Do We Need Fibre
What is dietary fibre?
Dietary fibre used to be referred to as 'bulk' or ‘roughage’, but we now know that it is so much more than that.
Broadly speaking, fibre refers to a group of substances in plant foods (such as fruit, vegetables and grains) that can't be broken down completely by the digestive enzymes in our bodies. These substances include waxes, lignin and polysaccharides (like cellulose and pectin).
Soluble and insoluble fibre
Fibre can come in the form of both carbohydrates and proteins, and it is often categorised according to its solubility into soluble or insoluble types. Both are found in different proportions in fibre-rich foods and have different effects. Insoluble fibre, for example, helps to increase the weight, bulk and softness of the stool, while soluble fibre dissolves in water to form a thick, gummy solution that can bind with toxins and other substances in the gut.
Is fibre digested?
It was originally thought that dietary fibre was completely indigestible and did not provide any energy, but it's now known that some fibre can be fermented in the large intestine by gut bacteria, producing short chain fatty acids and gases (methane, hydrogen and carbon dioxide).
The fatty acids are absorbed into the bloodstream and provide a small amount of energy. The amount of gas produced depends on the type of fibre eaten and the gut bacteria present.
After a large increase in the amount of fibre in the diet, some people can experience bloating, discomfort and wind. However, the large intestine and gut bacteria gradually adapt to the increased intake and symptoms usually disappear, provided that water intake is proportionally increased too and the digestive system is kept well hydrated.
How fibre supports health
While fibre largely passes through the body undigested as mentioned above, and therefore does not provide us with many nutrients, it can help the body in a number of other ways, such as:
- by increasing digestive transit time and therefore bowel regularity, helping to reduce any tendency towards constipation
- by decreasing the amount of time that food waste spends in the body, thereby helping to reduce the risk of infection or cell changes due to carcinogens that are produced when some foods (particularly meat) degrade
- by binding with cholesterol and triglycerides (potentially harmful fatty substances) in the gut, thereby helping to lower levels and inhibit their re-absorption
- by slowing the absorption of sugar into the bloodstream, thereby helping to lower the glycemic index of the food you have eaten (the food's effect on your blood glucose level)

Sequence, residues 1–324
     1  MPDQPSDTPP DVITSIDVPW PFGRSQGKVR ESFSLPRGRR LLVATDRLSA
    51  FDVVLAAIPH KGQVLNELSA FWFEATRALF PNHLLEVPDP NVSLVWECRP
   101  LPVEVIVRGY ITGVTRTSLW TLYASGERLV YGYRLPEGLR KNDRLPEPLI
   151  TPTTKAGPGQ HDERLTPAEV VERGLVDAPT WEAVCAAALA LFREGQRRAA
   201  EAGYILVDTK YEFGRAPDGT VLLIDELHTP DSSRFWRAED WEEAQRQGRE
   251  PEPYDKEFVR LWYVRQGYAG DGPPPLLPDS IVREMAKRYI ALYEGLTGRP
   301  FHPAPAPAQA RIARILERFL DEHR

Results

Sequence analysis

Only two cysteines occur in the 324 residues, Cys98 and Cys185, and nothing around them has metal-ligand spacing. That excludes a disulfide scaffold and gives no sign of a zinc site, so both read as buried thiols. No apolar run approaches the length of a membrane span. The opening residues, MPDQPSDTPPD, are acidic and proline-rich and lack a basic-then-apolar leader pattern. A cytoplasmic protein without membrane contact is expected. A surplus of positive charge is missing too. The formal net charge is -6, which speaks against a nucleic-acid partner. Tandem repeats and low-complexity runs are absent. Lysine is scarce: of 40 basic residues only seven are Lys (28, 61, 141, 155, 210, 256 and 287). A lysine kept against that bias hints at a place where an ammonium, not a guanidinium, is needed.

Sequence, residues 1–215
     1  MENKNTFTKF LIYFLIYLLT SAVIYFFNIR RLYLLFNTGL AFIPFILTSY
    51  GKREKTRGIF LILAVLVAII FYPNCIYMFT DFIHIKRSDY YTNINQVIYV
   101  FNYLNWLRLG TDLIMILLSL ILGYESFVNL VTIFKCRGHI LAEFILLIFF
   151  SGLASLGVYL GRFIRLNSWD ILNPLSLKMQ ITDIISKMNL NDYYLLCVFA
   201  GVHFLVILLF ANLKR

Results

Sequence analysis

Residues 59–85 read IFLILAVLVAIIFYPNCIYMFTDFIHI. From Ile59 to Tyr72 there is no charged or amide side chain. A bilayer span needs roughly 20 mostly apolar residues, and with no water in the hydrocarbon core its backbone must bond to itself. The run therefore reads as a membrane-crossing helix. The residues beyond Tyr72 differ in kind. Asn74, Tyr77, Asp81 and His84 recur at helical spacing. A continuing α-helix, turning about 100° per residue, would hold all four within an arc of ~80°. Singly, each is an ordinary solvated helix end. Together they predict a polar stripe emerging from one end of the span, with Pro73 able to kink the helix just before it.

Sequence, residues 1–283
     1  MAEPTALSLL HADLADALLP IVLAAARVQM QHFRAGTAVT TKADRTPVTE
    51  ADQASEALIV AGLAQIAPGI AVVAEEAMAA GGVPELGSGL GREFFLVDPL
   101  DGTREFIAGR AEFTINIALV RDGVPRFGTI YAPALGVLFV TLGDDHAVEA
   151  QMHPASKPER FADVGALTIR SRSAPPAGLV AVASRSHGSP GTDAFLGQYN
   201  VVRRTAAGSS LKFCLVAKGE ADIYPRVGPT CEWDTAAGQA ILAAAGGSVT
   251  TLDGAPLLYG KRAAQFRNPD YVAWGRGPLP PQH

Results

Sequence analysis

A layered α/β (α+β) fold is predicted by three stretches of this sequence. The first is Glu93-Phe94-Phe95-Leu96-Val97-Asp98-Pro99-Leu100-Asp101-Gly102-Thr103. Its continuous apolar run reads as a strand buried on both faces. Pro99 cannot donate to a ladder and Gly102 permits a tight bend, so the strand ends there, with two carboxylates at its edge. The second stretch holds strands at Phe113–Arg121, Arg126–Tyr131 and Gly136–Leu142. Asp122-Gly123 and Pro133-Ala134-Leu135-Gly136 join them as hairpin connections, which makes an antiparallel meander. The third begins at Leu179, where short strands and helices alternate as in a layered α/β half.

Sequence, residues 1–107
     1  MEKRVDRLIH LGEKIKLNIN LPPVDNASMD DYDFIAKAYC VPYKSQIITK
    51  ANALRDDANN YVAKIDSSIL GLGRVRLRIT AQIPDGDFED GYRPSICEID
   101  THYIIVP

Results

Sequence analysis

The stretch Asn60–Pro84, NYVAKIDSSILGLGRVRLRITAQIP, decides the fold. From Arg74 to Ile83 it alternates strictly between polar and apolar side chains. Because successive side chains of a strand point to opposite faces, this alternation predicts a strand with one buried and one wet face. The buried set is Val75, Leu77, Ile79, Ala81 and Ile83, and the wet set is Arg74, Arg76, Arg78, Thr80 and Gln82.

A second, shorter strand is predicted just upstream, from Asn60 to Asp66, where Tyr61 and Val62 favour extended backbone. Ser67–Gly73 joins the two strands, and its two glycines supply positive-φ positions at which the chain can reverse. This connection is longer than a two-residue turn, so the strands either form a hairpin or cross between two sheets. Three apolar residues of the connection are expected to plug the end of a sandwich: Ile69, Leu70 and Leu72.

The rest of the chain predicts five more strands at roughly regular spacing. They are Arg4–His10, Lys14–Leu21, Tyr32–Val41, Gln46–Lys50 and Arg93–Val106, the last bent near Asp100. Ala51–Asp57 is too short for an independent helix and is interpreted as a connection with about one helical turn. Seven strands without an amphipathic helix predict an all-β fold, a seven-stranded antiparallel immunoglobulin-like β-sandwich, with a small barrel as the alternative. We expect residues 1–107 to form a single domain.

- by slowing the absorption of fat eaten, helping to keep you feeling fuller for longer (certain types of fibre, such as psyllium husk and glucomannan, also swell in the digestive tract, increasing the satiety of a meal).
Are you getting enough fibre?
Most people know that a regular intake of dietary fibre is important for a healthy body and, in particular, an efficient digestive system. But fibre intake is actually incredibly varied across the world, both in terms of quality and quantity.
In rural Africa, for example, the average intake is about 55g of dietary fibre per day, while in the UK most people do not eat enough fibre. According to the British Nutrition Foundation, the average intake is 12.8g per day for women and 14.8g per day for men. The recommended average intake for adults is 18g per day, while at least 35g is ideal.
What's more, in the West (where our diets are dominated by animal products and refined and processed foods) we don't always eat quality dietary fibre. Often, what we think are good fibre foods are actually quite the opposite. For instance, many breakfast cereals market themselves to health-conscious consumers on the basis of containing "added fibre".
Unfortunately, packaged cereals will usually have lost some of their original fibre during the manufacturing process. Plus, added fibre is usually bran - the outer coating of the wheat grain removed to make white flour.
Essentially, these manufacturers have made a commercial decision to profit from what is a waste product at the expense of the consumer's health.
The trouble with bran
While bran is excellent taken in its original form (as whole grains), extracted bran is highly irritant.
It can upset people's systems, inflaming delicate membranes in the gut, producing bloating, excessive wind and anal discomfort. In the long term, where there is chronic inflammation, it can leave the way open to conditions such as leaky gut and even colitis.
Wheat bran also contains high levels of phytate, an anti-nutrient that reduces the absorption of essential minerals, including zinc.
It is therefore clear to see why it is so important to make smart choices about your dietary fibre sources. Naturally-occurring fibre, as part of whole foods (grains, nuts, seeds, legumes, fruits and vegetables) is your best option. Similarly, if you are looking to improve your digestive health, you may also want to reduce the amount of meat in your diet.
A frequent meat-eater with a low-fibre diet can increase the gut transit time of food from 24 to 72 hours, providing ample time for at least some putrefaction (rotting) to occur. Occasionally opting for plant-based protein sources will not only relieve some of the strain on your digestion, these foods also tend to be good sources of fibre and so you will naturally increase your intake.
Another important point to bear in mind is that much of the fibre in vegetables is destroyed by cooking, so they are best eaten raw and crunchy!